Really, I’m not too jealous that Google has awarded Kansas City, Kansas a gigabit Internet to call its own. I mean it’s not as if my own home town, Asheville, NC, wasn’t more deserving of inexpensive broadband... although we were. Seriously, though, I’m sure Kansas City was worthy and, with more than 1,100 cities in the running, someone had to win and everyone else had to lose, and after Kansas’ exit from the NCAA basketball tournament, the JayHawks needed some good news. But, what about all those other cities that don’t have serious broadband?
You see, it’s not just Asheville or Kansas City that needs serious broadband we all do. In Google’s announcement, it states that Google has “signed a development agreement with the city, and we’ll be working closely with local organizations, businesses and universities to bring a next-generation web experience to the community.”
Google’s “goal was to find a location where we could build efficiently, make an impact on the community and develop relationships with local government and community organizations. We’ve found this in Kansas City. We’ll be working closely with local organisations including the Kauffman Foundation, KCNext and the University of Kansas Medical Center to help develop the gigabit applications of the future.”
Finally, “Pending approval from the city’s Board of Commissioners, we plan to offer service beginning in 2012. We’ll also be looking closely at ways to bring ultra high-speed Internet to other cities across the country.”
Sounds grand doesn’t it? I especially like that line about bringing ultra high-speed Internet to other cities. It’s just too bad that if the NC state government, and other state governments, have their way, neither Google, not anyone else, will be able to partner up with cities and towns to bring in high-speed Internet.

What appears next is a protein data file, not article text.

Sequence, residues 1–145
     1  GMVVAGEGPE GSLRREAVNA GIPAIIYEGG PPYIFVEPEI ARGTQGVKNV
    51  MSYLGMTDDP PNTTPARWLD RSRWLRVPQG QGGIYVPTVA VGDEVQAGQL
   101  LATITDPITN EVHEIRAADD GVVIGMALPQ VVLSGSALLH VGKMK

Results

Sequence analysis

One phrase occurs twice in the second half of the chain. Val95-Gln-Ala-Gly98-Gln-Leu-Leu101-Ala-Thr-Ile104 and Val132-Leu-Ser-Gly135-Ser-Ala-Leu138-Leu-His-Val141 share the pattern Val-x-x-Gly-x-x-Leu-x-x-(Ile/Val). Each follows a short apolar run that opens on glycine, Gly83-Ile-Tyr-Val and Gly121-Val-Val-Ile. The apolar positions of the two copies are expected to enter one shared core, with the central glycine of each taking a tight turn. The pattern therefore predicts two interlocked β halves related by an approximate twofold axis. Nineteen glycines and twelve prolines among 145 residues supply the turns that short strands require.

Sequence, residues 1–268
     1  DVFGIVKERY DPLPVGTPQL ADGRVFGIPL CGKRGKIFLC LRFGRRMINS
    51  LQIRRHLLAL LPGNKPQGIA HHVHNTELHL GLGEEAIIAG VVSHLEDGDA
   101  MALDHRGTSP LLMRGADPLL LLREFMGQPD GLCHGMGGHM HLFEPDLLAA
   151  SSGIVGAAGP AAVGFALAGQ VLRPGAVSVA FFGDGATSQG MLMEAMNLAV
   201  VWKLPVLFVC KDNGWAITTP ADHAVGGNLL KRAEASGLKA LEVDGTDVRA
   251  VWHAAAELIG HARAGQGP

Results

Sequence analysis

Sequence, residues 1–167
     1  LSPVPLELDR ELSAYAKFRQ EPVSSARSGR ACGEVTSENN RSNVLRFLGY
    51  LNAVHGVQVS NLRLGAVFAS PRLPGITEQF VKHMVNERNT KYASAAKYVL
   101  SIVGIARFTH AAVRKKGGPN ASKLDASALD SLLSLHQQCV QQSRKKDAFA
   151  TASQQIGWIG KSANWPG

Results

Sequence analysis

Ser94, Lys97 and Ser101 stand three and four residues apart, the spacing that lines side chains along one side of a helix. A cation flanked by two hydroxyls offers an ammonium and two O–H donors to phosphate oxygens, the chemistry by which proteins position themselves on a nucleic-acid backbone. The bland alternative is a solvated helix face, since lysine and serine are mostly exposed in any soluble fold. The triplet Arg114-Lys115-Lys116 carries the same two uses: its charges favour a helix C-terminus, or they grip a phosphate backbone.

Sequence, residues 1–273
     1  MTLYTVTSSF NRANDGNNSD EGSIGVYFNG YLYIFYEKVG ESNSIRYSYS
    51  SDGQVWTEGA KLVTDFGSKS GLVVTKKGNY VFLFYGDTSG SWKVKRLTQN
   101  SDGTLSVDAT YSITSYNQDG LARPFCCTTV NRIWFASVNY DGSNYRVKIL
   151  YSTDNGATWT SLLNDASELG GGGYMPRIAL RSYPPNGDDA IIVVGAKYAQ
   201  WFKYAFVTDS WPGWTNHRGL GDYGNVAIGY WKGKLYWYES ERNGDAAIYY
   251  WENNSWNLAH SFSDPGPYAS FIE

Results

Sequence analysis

You see in NC, a bill called the "Level Playing Field/Local Gov't Competition" (PDF Link) act has just passed the house. It says it's intended to "protect jobs and investment by regulating local government competition." It’s really the cable industry's attempting to put roadblocks in the way of Google and other companies joining forces with local governments to provide affordable broadband Internet to a city or town’s citizens.
If the cable industry has its way, these public-private partnerships (PPP), such as the one Google just formed with Kansas City, will be forbidden. I’m not anti-capitalist or pro-government getting its hands into the Internet business. I just know that in practice, ISPs are really reluctant to upgrade their infrastructure to small cities and towns. ISPs often make big broadband promises, but they seldom deliver on their promises.
For all too many places, the only way we’ll ever see affordable broadband is by PPPs. If the cable industry gets its way, we won’t even have the option of a Google coming in and joining up with our local government to provide true high-speed Internet. So, once more, congratulations to Kansas City, I just wonder how many of the rest of us, if any, will ever get to see affordable broadband from similar partnerships.